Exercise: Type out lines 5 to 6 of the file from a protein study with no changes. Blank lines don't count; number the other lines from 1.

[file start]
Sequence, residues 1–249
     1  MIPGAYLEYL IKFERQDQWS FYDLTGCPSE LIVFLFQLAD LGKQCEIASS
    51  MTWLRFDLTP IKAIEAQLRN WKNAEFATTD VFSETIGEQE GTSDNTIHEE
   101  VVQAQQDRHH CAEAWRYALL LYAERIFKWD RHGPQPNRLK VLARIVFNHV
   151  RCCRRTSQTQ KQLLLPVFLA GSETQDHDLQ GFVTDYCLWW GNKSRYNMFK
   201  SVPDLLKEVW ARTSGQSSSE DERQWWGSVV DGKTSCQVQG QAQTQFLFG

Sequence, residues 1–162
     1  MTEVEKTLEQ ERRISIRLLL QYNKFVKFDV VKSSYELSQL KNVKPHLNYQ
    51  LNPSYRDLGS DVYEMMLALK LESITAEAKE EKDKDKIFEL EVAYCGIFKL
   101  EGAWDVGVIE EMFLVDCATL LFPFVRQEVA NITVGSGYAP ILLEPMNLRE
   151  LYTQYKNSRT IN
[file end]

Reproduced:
   151  RCCRRTSQTQ KQLLLPVFLA GSETQDHDLQ GFVTDYCLWW GNKSRYNMFK
   201  SVPDLLKEVW ARTSGQSSSE DERQWWGSVV DGKTSCQVQG QAQTQFLFG